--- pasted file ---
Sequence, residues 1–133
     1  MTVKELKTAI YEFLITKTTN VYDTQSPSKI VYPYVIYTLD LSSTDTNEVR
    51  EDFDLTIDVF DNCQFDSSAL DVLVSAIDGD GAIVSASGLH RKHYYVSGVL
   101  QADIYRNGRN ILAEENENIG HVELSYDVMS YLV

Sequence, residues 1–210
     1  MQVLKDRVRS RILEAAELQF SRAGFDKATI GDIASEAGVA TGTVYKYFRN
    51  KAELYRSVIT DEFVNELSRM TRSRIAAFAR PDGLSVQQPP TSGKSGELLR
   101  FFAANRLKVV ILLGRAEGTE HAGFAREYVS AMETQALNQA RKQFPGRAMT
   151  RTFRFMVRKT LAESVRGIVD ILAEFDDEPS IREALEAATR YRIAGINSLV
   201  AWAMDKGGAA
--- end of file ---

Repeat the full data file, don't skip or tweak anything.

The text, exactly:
Sequence, residues 1–133
     1  MTVKELKTAI YEFLITKTTN VYDTQSPSKI VYPYVIYTLD LSSTDTNEVR
    51  EDFDLTIDVF DNCQFDSSAL DVLVSAIDGD GAIVSASGLH RKHYYVSGVL
   101  QADIYRNGRN ILAEENENIG HVELSYDVMS YLV

Sequence, residues 1–210
     1  MQVLKDRVRS RILEAAELQF SRAGFDKATI GDIASEAGVA TGTVYKYFRN
    51  KAELYRSVIT DEFVNELSRM TRSRIAAFAR PDGLSVQQPP TSGKSGELLR
   101  FFAANRLKVV ILLGRAEGTE HAGFAREYVS AMETQALNQA RKQFPGRAMT
   151  RTFRFMVRKT LAESVRGIVD ILAEFDDEPS IREALEAATR YRIAGINSLV
   201  AWAMDKGGAA